“When you get divorced you become a spokesperson for the club none of us wanted to join.”
That’s what one of my friends told me when I got divorced. He predicted that people would start coming to me talking about what it’s like to be divorced, asking questions about the process, asking for recommendations for divorce lawyers, asking if it’s worth it to put your children and your family through all of that.
And I thought to myself that the club would be better off electing me the club treasurer than the club spokesperson.
Because I have no clue what to say, club. Really, no clue.
Can I tell you something? And let's pretend it's relevant, but really I just want to tell you. My sister? She goes straight to the source. No spokesperson required.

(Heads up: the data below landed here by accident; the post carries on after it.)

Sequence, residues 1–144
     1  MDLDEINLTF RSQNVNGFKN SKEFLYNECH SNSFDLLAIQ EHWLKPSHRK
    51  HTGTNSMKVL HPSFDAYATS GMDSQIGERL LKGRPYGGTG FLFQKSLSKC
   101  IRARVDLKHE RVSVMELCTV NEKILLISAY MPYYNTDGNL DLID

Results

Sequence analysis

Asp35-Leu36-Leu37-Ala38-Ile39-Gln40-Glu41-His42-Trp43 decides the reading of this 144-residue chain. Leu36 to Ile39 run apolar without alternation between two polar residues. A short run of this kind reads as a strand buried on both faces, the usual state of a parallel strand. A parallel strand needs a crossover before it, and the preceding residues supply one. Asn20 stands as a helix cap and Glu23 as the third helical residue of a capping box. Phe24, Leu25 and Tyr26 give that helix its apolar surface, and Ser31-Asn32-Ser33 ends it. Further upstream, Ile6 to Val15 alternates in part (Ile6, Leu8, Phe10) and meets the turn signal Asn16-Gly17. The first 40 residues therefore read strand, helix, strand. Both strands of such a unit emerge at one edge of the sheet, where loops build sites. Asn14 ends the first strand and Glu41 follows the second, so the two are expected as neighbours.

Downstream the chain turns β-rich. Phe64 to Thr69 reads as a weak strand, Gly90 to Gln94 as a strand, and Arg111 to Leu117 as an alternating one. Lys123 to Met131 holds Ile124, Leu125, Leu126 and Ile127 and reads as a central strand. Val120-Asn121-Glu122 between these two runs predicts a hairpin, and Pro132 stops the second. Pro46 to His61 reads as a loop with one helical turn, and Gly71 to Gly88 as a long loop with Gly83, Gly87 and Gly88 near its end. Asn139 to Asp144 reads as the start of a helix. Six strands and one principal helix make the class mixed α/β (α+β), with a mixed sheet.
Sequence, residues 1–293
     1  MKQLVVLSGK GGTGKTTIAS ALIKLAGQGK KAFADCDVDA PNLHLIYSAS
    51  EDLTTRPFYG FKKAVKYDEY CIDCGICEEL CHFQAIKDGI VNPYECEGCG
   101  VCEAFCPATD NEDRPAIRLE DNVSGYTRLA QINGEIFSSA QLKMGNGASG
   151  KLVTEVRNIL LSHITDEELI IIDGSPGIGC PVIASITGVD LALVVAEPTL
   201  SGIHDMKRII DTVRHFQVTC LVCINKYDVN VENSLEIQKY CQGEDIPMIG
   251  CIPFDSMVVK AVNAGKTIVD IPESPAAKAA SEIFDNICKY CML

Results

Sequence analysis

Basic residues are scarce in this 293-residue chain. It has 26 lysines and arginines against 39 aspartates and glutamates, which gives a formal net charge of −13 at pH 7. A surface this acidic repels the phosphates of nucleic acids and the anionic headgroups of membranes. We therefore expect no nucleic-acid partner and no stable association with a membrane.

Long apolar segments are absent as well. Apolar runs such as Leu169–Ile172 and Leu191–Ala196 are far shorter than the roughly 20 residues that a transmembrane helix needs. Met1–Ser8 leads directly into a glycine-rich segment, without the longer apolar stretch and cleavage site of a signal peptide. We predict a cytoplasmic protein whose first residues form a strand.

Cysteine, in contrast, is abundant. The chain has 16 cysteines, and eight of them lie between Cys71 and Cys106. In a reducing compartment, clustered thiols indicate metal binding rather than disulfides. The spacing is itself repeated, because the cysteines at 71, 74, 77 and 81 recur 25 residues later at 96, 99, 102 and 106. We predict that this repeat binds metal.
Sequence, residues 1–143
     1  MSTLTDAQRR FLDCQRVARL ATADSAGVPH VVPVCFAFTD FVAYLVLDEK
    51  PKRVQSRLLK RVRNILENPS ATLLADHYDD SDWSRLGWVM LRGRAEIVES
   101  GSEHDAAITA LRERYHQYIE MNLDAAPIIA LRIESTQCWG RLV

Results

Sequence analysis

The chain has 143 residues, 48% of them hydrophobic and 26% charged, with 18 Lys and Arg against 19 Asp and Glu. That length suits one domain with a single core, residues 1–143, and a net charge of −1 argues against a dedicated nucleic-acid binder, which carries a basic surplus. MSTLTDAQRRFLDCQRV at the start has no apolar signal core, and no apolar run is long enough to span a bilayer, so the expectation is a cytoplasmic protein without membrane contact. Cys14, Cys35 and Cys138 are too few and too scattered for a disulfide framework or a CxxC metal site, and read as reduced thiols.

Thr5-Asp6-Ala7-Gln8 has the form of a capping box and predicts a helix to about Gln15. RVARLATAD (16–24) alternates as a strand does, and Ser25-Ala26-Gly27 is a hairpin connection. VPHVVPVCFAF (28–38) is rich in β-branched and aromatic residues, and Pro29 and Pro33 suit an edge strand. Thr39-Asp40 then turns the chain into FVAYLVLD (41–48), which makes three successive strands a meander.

Let's see, back to our topic. Over time I found there was truth to my friend’s assertion. Some people did come to me with questions like that.
But if you keep your radio tuned to only one frequency you’re only going to pick up one channel.
I turned the dial around and I realized that people were not only opening up to me about marital issues, they were coming to me about all kinds of things.
Caring for their parents, grieving their dog’s death, trying to conceive a baby, worrying about their kids’ college fund, stressing over their children’s grades, waiting for the results of a biopsy, staying overnight in the hospital with a loved one, burying a brother…
I’m not sure what triggered this exactly. It might have been my divorce. It might have been the fact that I was tuning my dial into them and listening. Maybe people can tell that because I’ve been through the fire of a divorce I won’t judge them for whatever they’re going through. Maybe they sense that a chord in me will sound along with theirs.
Whatever the reason, I found that my friend was right, I did become a spokesperson. But it was for a different club, one I’ve always wanted to join.
It is the Club of Being Real With Each Other.